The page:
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In the Forest - Monday, May. 08, 2023
Friday, Mar. 24, 2023 @ 12:00 pm
Morgan. I look over, and he’s sitting there waiting with his co-instructor. The ski program is finished for the year, but there he is all prepped to teach. I didn’t think that I’d see him again until next winter.
I’m at the base of the ski hill with a group of friends, other volunteers that I met over the course of the season. We are waiting for a latecomer, overheating in the spring temperatures, chattering together and excited for a social sunset ski.
I walk over to say hi. He asks how I am. I tell him about how I’d just signed an offer letter for a new position. A bump up in pay and responsibility, plus a shorter commute.
“That’s really good,” he says, making direct eye contact. He’s attentive, but also closed off and protected. I should have tried to talk to him more over the six weeks of lessons, but the opportunity was minimal as we were both engaged with our special needs students.
But looking back, there was ample time to socialize, the proof of which is this group social ski. Nine of us, lapping the hill, stopping at length to talk and build relationships. Is he introverted? Should I have reached out to invite him to join us?
After skiing, we drink beer in the chalet. I look around the table and am amazed at the international collection of folks. I inventory the countries from which they emigrated, going clockwise around the table: France, France, Spain, Malaysia, Mexico, Mexico, Mexico, Mexico. Then me, born in a hospital located 10km away as the crow flies.
I meet the man who is to become my new manager. I interviewed virtually, so there is a strange moment at first meeting where their height isn’t exactly what I’d imagined. The experience pulls like a blind date. He repeats several times how excited he is to have me join his team. We talk intensely for 45 minutes, organizing the details of the internal transfer. Cell phone. Laptop. Planned vacation days. But there’s also this intangible thing that’s forming up over the course of the meeting. I feel beholden to him, as I feel as though he’s taken a leap of faith to offer me a position. And I want to prove that he made a good decision.
When I tell my manager about the transfer, he expresses disappointment. When I tell him the title of the new position he says, “You should really be hired into the next level up. You undervalue yourself.”
When I tell my direct reports that I will be leaving, there is a long silence. I attempt to reassure them that I am working on a transition plan, and that I’m doing everything that I can to ensure that they aren’t abandoned. But the truth is that the department is going to be frustrating, messy, and inefficient for several months while HR recruits my backfill.
“They love you, you know,” my manager tells me during a meeting to discuss the transition. “You are going to be tough to replace. We can only dream of getting another Shannon.”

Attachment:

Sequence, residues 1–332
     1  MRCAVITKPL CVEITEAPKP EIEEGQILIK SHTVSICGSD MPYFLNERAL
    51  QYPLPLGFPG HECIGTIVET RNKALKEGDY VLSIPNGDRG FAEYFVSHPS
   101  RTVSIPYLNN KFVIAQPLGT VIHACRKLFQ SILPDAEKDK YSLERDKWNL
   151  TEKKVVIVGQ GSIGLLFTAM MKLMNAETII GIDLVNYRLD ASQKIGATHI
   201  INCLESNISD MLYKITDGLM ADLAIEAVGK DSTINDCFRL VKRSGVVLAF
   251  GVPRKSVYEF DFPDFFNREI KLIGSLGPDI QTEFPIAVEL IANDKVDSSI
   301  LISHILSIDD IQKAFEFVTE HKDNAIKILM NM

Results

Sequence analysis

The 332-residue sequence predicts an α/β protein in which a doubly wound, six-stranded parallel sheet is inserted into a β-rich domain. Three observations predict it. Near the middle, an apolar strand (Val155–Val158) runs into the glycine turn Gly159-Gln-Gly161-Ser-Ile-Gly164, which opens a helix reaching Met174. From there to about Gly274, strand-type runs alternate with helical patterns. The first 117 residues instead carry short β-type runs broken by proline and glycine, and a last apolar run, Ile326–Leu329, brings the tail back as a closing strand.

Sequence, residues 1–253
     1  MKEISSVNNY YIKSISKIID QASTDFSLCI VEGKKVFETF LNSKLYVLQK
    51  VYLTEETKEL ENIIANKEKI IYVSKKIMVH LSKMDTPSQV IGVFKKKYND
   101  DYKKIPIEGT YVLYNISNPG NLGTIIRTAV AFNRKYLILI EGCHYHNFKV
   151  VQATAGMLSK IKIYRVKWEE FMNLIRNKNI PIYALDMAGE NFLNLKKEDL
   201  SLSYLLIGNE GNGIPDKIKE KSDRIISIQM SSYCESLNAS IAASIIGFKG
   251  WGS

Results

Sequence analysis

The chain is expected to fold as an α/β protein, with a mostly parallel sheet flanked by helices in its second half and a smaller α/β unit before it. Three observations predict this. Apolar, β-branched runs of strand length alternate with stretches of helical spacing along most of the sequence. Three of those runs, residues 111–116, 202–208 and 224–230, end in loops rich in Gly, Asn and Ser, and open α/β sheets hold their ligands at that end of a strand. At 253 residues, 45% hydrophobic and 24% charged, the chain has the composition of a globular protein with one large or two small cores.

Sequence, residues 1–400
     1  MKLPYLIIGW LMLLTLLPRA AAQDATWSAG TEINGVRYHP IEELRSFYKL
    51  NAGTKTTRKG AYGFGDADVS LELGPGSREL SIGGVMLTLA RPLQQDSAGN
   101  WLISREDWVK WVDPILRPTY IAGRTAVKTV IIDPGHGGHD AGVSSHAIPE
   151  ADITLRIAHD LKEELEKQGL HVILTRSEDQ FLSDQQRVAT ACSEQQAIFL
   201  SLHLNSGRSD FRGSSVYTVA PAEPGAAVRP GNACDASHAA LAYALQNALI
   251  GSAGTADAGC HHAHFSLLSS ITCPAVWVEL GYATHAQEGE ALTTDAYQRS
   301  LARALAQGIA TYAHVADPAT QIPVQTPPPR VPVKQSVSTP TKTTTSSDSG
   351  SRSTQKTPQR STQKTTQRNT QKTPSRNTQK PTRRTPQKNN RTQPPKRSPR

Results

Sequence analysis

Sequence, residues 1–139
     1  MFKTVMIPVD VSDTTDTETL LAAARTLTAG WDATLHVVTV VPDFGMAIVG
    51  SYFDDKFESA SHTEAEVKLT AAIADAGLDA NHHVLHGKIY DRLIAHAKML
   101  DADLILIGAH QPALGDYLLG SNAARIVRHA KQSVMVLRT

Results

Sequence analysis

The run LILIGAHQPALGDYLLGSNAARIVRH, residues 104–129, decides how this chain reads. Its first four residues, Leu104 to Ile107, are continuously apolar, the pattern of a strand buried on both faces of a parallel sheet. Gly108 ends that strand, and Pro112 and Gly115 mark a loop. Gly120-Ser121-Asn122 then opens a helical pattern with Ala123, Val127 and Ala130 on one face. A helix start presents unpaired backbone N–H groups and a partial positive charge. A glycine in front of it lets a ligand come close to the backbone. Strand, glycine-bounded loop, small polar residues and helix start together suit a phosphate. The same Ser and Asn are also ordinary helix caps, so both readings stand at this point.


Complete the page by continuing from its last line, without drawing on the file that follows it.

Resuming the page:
My imposter syndrome flares intensely. I constantly doubted my leadership. I didn’t write about it here; I don’t know that anyone cares to hear about the banal details of managing in a union environment. I always felt like I should be doing more to support the team. I upgraded their outdated software and trained them up in a series of tutorials and practice projects. I advocated for them to be more included in the design process. I balanced their workloads and asked them what they needed to do their jobs better. I trusted them to do their jobs. I made a difference, but it never felt like enough.
“I took this job because of you, you know,” one of the drafters confesses. “I wanted to be able to learn from you. Your reputation as a leader and mentor was why I applied for the job. I turned down an offer from an organization with a shorter commute because of you. You seem to honestly care about those around you, and you bring an infectious enthusiasm to the workplace.”
I sit there unable to respond, my face flushing. I feel ashamed to abandon them.
“You can come back, you know,” says one of the senior engineers at a leadership meeting. My manager types the statement into the meeting minutes to document the offer.
The intensity of all of this is overwhelming. My body is jittery from lack of sleep. Even the newly extroverted version of myself is exhausted from the endless meetings and conversations. I leave messages unread on my phone because I have nothing left to give.
And through all of this, spring has arrived with a bursting of cherry blossoms and the return of the flock of Great Blue Herons that breed in the rookery adjacent to my apartment. At dusk, the flock lifts up in unison and performs a coordinated lap out over the ocean, then back into the treetops. I watch in awe, the scene somehow prehistoric in nature.
At night, the aurora borealis glimmers and pulses green light through the patchy clouds. A rare appearance this far south.
And me riding my bike through the spring showers, the cherry blossom petals sticking to my damp jacket. I savour the time alone. I turn up my music recklessly loud and push into my pedals and the city moves past me like a cinematic movie. The sunset reflecting off of the still ocean. The wind whipping my hair into impossible tangles.
Russell’s warm body curled around mine at night.
Finally, I fall asleep.